• If you are citizen of an European Union member nation, you may not use this service unless you are at least 16 years old.

  • Stop wasting time looking for files and revisions! Dokkio, a new product from the PBworks team, integrates and organizes your Drive, Dropbox, Box, Slack and Gmail files. Sign up for free.

View
 

Entry Event

Entry Event Resources


There are a variety of ways to launch your PBL unit. Most of all you want the entry event to create excitement in your classroom. The use of video clips, simulations, field trips, guest speakers, and learning games help to engage students and create a desire to venture deeper into the subject matter of your PBL unit. Remember, the entry event should take place on the first day of your unit and it generally takes one class period or less. Let your students enjoy the activity and leave class that day feeling energized and excited about the next step of the project.


Resources:

 

 

Entry Event Possibilities:


Video Clips:

Websites such as YouTube offer a wide variety of video clips that can be utilized in the classroom. Choose your video carefully. Sometimes less is more. Showing a short clip and then allowing time for discussion or reflection works well.

 

Simulation/Activity:

There are numerous web-based simulations on a variety of topics. Use words such as “simulation”, “interactive” and “educational” along with your topic of study to search for activities that may work well as your entry event.

Here is a link to Interactive Science Websites: http://jc-schools.net/tutorials/interact-science.htm

The possibilities are endless so put Google to use for you and find just the right simulation for your project. Simulations do not have to use technology. Set up a court room in your classroom, stage a debate or act out an event that correlates with your PBL unit.

 

Field Trip:
Nothing beats taking a trip to a museum, nature center, zoo or another intriguing venue in your area. Engaging students in learning experiences outside of the classroom can be very powerful and memorable too. If you already take specific field trips each year, plan to launch your PBL unit after all of the students have had that common experience. You can build upon their excitement when you return to school the next day.

 

Virtual Field Trips:
Canʼt plan an off-site learning experience? Do the next best thing and connect via videoconference. Search the database on Twice (http://www.twice.cc/) to see what is available to you. Some of these opportunities are FREE and some have registration fees. The use of mini-grants and PTO funds are great ways to fund a videoconference experience for your students.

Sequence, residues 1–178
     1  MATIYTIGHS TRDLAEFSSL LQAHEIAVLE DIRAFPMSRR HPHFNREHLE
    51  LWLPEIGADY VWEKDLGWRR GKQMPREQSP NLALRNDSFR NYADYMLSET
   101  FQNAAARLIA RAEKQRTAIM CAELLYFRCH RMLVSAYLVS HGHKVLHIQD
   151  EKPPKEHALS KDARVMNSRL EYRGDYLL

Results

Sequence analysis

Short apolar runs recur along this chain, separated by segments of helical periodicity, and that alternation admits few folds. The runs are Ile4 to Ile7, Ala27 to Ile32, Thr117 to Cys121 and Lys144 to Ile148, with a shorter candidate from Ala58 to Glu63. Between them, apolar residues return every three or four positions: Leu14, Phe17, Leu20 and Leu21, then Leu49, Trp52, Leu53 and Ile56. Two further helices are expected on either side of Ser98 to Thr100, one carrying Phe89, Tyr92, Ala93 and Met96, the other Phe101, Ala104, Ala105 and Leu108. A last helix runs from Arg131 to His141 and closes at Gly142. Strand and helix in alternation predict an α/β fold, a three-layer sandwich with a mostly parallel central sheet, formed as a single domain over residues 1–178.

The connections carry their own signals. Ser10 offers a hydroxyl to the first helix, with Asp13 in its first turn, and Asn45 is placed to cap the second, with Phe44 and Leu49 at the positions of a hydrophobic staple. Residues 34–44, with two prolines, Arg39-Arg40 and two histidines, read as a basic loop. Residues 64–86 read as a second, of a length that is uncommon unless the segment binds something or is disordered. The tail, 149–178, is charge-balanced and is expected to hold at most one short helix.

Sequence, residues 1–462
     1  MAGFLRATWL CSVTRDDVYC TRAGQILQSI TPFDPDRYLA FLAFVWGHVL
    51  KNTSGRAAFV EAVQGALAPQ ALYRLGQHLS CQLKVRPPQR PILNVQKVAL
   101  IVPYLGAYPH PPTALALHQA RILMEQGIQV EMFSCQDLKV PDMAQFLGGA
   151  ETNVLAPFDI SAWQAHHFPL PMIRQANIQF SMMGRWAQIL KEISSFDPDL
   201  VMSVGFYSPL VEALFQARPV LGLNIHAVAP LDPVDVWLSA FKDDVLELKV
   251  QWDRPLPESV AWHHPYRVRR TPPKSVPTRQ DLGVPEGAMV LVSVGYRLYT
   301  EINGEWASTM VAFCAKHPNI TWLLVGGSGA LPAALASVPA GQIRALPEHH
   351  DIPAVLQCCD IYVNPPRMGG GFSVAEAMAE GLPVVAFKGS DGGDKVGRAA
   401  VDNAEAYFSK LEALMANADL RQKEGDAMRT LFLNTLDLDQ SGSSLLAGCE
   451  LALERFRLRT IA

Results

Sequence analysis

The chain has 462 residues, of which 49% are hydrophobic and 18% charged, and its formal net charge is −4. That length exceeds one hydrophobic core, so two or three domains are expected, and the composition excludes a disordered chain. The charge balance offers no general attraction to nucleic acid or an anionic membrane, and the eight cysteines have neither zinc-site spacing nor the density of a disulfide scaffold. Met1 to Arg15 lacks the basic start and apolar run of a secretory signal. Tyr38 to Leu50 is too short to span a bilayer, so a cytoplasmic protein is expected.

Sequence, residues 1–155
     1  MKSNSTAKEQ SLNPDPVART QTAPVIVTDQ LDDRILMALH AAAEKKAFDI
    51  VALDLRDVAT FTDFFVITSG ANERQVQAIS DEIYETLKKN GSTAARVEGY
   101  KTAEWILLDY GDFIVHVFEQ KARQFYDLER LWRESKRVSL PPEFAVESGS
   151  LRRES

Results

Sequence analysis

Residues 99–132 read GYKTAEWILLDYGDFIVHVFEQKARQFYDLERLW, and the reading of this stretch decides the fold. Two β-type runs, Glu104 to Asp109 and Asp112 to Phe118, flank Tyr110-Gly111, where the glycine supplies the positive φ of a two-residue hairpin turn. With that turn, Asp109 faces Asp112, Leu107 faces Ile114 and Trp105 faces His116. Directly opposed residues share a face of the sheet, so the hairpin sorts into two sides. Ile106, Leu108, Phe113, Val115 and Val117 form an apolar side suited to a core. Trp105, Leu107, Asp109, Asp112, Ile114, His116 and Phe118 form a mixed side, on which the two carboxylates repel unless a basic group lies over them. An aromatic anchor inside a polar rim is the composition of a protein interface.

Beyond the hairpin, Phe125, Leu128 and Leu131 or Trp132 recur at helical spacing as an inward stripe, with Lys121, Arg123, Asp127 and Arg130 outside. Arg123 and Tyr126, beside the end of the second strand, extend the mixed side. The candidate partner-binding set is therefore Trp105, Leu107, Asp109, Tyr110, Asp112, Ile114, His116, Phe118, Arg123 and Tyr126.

Guest Speaker:
Your community is filled with experts (engineers, nutritionists, scientists, doctors and more) that just might be willing to visit your classroom and share their expertise if you call upon them. It just takes a little extra effort and planning before starting the project to arrange a visit from an expert. This could even be another staff member in your school. The school cook could do a short presentation on nutrition, the gym teacher could share information about body systems and how they work together, the principal could share trends in the building or future plans. Be creative. Skype and FaceTime are great tools to utilize if the guest speaker is not able to visit your school in person.

 

Song/Artwork:
Use iTunes to download music from a certain time period or popular music that supports your PBL unit. Another great idea is to rewrite the lyrics of a popular song to correspond with your project objectives. There are a number of songs/videos like this on YouTube and better yet, some even have students performing the songs. There are great resources online and in books which portray beautiful works of art to spark discussion and curiosity in your classroom.

 

Piece of Mock or Real Correspondence:
If you donʼt have connections to have a real person write to your classroom, it is okay to pretend. Go online and find the official logos of a company or organization and write your own letter challenging your students to solve a problem or come up with a plan for the community. Make it look official and professional and your students will be just as engaged as if it were the real thing. Pretend you are the CEO of Ford Motor Company and ask your students to design a car of the future that doesnʼt rely on fossil fuels. The possibilities are endless and using this piece of correspondence will create a “needs to know” for the next steps of your project.

 

Lively Discussion:
Share something from the news/current events or a situation that happened at school and allow time for students to openly discuss the topic. Allow them the freedom to express their ideas and accept all viewpoints. Once the excitement builds and youʼve captured their attention transition to your PBL unit and use their ideas from this discussion to enhance your project.

 

Comments (0)

You don't have permission to comment on this page.